The emitter of phototransistor 23 and the collector of phototransistor 24 are respectively electrically connected through resistors 66, 67 to the bases of transistors 70, 71, the collectors of the latter respectively electrically connected to the +V and -V terminals of power supply 62. Resistors 73, 74, 75 and 76 are all electrically connected in series in typical bridge fashion. The emitters of transistors 70, 71 are respectively electrically connected to the junctions between resistors 73 and 74, and between 75 and 76. The output electrical signal is derived across the junctions between resistors 74 and 75, and between resistors 73 and 76, the latter junction also being electrically connected to the common terminal of bipolar power supply 62.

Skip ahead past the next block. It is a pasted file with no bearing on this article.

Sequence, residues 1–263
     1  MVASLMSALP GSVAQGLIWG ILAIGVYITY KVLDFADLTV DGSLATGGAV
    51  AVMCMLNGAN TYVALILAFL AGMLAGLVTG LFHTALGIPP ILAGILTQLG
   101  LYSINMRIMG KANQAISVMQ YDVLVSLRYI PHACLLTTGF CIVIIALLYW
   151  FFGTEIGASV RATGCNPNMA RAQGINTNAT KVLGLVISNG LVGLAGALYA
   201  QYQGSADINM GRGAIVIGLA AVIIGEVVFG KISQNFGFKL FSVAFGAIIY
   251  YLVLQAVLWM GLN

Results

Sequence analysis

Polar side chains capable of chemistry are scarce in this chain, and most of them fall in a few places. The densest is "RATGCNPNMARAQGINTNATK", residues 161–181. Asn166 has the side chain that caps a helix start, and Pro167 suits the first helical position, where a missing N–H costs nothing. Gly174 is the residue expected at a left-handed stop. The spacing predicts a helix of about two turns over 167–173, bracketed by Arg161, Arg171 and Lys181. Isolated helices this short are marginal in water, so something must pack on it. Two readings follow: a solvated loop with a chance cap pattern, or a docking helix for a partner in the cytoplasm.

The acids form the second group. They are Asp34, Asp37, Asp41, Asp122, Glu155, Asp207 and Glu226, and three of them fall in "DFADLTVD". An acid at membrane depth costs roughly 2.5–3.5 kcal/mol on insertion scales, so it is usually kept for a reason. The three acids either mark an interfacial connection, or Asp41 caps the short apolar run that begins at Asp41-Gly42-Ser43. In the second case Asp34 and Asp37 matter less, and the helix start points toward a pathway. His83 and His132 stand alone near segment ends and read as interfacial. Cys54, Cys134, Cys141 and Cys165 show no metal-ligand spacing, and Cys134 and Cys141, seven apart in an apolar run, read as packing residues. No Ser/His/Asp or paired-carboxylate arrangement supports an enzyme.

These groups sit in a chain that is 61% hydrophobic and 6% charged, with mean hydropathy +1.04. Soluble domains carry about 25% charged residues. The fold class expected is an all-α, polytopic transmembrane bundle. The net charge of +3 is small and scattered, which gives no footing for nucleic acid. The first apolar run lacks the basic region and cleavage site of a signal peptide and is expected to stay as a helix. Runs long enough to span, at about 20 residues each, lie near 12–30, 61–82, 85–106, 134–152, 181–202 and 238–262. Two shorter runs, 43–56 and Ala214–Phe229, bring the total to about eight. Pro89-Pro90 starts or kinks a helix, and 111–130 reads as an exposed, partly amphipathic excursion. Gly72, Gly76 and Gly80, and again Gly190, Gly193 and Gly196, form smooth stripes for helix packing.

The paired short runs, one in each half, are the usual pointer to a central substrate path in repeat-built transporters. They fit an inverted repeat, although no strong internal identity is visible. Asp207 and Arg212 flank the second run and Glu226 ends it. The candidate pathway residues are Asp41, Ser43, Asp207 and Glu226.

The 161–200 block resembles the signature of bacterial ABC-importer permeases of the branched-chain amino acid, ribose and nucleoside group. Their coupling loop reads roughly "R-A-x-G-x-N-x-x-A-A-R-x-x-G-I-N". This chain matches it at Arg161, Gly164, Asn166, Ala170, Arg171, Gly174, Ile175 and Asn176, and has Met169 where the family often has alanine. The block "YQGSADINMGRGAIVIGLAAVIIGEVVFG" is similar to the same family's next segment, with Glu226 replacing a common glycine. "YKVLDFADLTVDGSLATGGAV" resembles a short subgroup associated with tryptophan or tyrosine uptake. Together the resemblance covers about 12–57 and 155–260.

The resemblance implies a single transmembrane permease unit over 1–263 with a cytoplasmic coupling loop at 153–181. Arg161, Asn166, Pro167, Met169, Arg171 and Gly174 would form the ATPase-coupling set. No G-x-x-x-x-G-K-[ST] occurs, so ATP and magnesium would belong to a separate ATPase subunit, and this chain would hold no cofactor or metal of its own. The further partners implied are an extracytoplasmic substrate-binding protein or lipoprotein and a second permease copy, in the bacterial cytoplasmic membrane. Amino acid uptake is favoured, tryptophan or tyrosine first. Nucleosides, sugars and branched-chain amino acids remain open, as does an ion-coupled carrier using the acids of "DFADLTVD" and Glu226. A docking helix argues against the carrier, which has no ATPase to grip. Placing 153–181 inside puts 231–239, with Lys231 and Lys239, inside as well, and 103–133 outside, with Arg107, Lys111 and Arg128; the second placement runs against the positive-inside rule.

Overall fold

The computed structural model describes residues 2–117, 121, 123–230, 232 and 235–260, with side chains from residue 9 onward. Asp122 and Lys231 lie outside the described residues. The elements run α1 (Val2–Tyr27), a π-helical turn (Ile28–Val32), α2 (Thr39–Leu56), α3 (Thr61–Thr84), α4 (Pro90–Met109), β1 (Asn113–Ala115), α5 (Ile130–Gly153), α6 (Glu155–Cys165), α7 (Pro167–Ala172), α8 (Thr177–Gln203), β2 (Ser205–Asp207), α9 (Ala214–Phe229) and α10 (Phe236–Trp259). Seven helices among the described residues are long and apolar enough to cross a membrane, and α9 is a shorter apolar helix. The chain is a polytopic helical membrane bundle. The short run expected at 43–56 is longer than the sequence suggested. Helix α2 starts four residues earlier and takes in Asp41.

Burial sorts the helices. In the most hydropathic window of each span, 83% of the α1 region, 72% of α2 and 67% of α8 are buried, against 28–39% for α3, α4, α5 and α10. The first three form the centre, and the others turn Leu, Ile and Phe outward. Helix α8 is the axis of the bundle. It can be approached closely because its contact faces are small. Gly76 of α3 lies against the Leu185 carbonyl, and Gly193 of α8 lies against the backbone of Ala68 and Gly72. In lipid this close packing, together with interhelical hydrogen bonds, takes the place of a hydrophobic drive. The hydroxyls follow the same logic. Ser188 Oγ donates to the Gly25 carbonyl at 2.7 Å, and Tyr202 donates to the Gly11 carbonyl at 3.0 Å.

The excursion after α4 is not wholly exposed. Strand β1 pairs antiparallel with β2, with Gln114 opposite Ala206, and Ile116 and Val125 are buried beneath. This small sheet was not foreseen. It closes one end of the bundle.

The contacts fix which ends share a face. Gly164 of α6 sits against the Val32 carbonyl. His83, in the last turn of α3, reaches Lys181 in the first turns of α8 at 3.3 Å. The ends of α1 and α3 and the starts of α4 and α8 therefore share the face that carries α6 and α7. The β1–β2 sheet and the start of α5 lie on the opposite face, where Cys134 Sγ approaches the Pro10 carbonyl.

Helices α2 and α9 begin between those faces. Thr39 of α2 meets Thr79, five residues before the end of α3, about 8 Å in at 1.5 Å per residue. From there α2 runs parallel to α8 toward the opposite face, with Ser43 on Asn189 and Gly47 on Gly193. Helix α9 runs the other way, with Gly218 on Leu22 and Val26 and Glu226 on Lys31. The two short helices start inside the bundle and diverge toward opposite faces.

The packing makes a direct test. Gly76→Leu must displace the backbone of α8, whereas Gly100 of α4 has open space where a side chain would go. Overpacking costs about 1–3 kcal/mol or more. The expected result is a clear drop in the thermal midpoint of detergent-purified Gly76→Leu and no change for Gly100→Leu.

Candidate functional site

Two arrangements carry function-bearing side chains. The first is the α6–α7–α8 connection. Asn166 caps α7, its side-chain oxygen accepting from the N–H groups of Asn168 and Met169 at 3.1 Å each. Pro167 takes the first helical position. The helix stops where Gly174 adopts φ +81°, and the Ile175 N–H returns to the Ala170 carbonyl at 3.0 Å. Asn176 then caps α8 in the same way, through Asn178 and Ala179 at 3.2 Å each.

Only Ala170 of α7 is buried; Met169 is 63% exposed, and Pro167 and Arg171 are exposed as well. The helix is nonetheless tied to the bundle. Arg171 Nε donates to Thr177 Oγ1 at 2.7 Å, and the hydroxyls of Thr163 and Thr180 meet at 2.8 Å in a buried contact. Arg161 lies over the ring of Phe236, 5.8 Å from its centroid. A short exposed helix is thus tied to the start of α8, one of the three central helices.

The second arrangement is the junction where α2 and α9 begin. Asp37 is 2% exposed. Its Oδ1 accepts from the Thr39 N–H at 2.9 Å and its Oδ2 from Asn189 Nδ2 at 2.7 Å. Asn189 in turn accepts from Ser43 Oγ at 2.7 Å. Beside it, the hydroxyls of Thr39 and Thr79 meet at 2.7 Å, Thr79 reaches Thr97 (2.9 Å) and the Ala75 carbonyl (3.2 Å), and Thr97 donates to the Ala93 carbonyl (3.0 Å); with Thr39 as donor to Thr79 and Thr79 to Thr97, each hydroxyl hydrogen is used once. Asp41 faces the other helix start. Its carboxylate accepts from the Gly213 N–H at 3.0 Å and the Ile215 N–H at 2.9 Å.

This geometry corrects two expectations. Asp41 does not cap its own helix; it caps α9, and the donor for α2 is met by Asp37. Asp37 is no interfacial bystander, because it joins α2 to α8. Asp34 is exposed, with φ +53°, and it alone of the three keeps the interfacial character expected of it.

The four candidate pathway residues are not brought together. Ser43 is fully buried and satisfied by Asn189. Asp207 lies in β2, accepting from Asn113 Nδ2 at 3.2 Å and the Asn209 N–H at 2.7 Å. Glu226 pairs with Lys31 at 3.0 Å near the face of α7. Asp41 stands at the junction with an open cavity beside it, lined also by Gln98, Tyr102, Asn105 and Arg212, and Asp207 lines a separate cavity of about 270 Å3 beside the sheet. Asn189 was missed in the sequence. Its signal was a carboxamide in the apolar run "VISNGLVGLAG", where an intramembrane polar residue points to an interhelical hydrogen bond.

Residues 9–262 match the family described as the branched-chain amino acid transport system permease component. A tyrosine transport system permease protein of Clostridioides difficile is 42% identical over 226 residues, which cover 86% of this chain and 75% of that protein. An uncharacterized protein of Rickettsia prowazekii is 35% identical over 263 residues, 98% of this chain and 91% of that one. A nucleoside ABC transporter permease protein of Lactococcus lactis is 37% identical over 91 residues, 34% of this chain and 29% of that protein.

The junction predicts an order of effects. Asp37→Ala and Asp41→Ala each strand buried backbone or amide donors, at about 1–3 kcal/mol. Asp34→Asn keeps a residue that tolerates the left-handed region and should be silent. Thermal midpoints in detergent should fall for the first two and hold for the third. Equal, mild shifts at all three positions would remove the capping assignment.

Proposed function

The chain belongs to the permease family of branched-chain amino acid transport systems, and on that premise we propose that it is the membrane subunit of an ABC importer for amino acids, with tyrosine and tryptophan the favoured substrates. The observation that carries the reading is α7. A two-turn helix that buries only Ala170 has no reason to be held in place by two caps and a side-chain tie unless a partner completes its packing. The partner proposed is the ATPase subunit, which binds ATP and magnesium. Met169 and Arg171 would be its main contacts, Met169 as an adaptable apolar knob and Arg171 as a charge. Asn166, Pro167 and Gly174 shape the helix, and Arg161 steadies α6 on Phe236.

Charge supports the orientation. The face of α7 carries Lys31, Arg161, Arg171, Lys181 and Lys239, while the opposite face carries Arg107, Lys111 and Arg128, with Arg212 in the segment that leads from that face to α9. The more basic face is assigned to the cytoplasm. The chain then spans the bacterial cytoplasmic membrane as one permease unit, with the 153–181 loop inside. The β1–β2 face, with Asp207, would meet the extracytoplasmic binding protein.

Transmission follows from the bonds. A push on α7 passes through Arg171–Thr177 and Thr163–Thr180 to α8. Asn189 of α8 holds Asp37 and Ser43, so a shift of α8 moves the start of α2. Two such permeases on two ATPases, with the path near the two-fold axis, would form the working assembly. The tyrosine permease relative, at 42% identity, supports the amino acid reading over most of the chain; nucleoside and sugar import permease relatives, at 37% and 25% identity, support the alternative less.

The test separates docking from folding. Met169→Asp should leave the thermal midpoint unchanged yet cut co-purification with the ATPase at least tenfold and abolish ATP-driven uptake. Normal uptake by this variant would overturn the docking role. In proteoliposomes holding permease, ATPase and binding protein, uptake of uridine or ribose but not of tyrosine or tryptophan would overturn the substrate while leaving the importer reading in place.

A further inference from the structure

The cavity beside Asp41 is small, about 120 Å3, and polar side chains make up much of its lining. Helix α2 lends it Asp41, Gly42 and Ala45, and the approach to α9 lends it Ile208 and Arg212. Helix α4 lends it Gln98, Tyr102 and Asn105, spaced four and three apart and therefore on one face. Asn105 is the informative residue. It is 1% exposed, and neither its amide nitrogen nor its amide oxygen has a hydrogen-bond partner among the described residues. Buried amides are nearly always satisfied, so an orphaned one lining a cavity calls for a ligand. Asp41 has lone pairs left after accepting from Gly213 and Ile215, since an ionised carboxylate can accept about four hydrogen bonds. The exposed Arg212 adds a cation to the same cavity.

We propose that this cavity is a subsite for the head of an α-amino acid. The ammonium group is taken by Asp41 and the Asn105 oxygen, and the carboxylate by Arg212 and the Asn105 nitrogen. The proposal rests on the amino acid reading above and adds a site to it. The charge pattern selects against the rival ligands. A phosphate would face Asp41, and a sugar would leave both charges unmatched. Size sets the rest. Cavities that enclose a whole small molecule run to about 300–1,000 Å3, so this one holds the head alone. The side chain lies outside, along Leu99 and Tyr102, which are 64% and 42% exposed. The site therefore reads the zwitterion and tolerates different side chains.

Operation of circuit 61 is straightforward. As discussed hereinabove, for a given rotational deviation cams 34, 35 insure that only one of phototransistors 23, 24 receives illumination. Phototransistors 23, 24 provide an output electrical signal whose voltage magnitude is proportional to the illumination received thereby. Transistors 70, 71, whose bases receive these output electrical signals, simply proportionally amplify the respective output electrical signals from phototransistors 23, 24 and apply the amplified outputs across the input to resistor bridge 72. Since one of the output terminal junctions of resistors bridge 72 is permanently electrically connected to the common terminal of bipolar power supply 62, the output electrical signal from resistor bridge 72 is continuously maintained between zero and +V volts. The voltage divider nature of resistor bridge 72 results in its output having a magnitude of -V volts when the angular deviation of shaft 15 is at its maximum in one direction, zero volts when shaft 15 is in its zero position, and +V volts when the angular deviation of shaft 15 is at its maximum in the opposite direction.